You must “irrevocably invest” a portion of your investment in your business before you apply for the E-2. That may sound counterintuitive, but there is no way around this rule; you cannot have all your investment sitting in the bank when you apply for your visa.

  • TIP #1:
    • Hire a US Citizen (at least part time) and get them working and paid;
    • Prepay your office lease for 6 months or more;
    • Get your internet and electricity set up and start paying your monthly bills;
    • Buy equipment; and
    • Buy furniture for your office.

2. Invest As Much As You Can.  

The amount you invest must be enough to realize your business plan. Accordingly, that amount varies greatly depending on the type of business. If you are starting a wedding photography business, the start-up costs are much lower than starting a circuit board printing company. Nevertheless, the more you can invest the better.

  • TIP#2:
    • If you are short on cash, the value of your Intellectual Property (copyrights, patents, etc) may be applied as part of your investment. This is a great option for many tech start-ups.

3. Get Business.

Although there is no requirement that your business is already open and running, there is a requirement that you can show the business is viable. The best way to do that is to show current or committed future clients.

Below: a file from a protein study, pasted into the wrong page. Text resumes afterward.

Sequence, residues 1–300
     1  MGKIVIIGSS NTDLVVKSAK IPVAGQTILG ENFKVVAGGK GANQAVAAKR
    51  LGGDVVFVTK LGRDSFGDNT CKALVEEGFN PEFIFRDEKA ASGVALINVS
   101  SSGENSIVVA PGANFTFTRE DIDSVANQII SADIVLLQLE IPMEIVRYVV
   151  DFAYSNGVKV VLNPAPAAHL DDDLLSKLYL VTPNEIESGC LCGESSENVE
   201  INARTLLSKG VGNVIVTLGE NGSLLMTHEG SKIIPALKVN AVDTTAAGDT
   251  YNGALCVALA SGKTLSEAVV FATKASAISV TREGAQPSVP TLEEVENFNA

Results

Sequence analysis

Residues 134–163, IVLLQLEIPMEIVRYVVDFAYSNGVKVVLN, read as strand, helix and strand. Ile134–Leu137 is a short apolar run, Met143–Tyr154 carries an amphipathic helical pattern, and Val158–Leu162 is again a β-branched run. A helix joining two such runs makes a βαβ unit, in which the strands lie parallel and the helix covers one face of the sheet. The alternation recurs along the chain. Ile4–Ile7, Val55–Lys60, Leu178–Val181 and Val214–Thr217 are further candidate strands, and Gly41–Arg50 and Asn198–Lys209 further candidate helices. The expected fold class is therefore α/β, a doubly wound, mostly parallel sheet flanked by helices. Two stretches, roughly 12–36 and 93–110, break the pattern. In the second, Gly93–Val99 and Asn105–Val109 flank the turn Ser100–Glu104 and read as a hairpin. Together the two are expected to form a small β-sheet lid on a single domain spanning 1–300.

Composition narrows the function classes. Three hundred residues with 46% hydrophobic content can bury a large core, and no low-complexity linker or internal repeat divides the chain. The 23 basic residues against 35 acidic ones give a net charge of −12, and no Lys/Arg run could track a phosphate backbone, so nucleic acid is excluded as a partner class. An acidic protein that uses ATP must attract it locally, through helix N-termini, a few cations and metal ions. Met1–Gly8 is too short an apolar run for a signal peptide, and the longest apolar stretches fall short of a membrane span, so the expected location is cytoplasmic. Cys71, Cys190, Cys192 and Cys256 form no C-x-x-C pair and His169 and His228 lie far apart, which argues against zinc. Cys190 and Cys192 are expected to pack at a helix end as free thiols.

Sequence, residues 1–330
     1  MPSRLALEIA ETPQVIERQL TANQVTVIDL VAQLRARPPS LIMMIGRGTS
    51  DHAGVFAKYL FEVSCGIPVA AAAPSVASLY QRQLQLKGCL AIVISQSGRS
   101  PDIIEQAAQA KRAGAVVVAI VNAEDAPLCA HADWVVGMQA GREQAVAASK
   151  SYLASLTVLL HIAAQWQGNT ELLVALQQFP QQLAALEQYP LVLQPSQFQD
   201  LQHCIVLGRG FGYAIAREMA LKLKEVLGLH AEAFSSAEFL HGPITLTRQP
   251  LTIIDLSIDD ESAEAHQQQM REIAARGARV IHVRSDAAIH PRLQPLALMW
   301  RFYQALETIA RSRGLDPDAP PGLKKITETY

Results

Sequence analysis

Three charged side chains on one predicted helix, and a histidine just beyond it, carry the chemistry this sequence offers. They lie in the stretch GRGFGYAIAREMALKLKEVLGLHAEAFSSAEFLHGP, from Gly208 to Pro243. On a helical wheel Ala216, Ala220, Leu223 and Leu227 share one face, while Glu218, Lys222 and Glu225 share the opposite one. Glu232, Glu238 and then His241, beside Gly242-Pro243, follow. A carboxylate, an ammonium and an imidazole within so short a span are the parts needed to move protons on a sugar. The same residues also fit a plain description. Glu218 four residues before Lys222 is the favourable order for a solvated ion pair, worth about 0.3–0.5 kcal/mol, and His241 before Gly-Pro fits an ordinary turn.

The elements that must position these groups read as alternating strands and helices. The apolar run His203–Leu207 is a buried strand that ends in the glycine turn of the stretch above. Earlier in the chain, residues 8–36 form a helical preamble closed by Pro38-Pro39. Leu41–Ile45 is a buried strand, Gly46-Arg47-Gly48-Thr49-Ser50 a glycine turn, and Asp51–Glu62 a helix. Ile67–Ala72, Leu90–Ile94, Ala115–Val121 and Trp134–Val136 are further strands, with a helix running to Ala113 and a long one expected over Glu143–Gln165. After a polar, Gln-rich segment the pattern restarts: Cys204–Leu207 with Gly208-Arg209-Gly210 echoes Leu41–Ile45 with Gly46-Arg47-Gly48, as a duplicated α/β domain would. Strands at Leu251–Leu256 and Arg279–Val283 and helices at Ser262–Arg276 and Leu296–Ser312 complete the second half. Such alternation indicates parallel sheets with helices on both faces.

• TIP #3:
    • If you will be selling goods, get some sales or orders.
    • If you will be providing a service, try to obtain contracts with clients or a least letters of intention from interested clients.

4. Hire The Right People.

E-2’s span several fields of law. It is important to find an attorney and/or other advisors that understand immigration and business issues. It is also important to find individuals who have hands-on business experience that can guide you through the start-up process and help you overcome the obstacles new businesses face in the US.

  • TIPS – Before You Apply:
    • Look for attorneys and advisors who specialize in this area.
    • And remember, it is cheaper to pay for good advice upfront than to try to fix complications after the fact.

 

David Melik Telfer has been practicing law since 2008 and is an Associate Attorney at Kerosky Purves & Bogue LLP. He lives in Los Angeles and practices in the Beverly Hills office. Mr. Telfer graduated magna cum laude with highest honors from the University of North Carolina with a degree in Romance Languages and from the University of California, Los Angeles (UCLA) School of Law with his Juris Doctorate.  Mr. Telfer has worked on a series of entrepreneurial and consulting projects including founding and operating one of Los Angeles’s largest Mixed Martial Art (MMA) gyms and consulting for import/export companies in Latin America.  He also founded a Brazilian Jiu Jitsu clothing brand that provides underprivileged children in Latin America with equipment and funds for training Brazilian Jiu Jitsu. Mr. Telfer truly enjoys working directly with clients to resolve family and business immigration matters as well as legal issues facing entrepreneurs and small businesses.  Mr. Telfer speaks fluent Spanish and Portuguese and conversational French.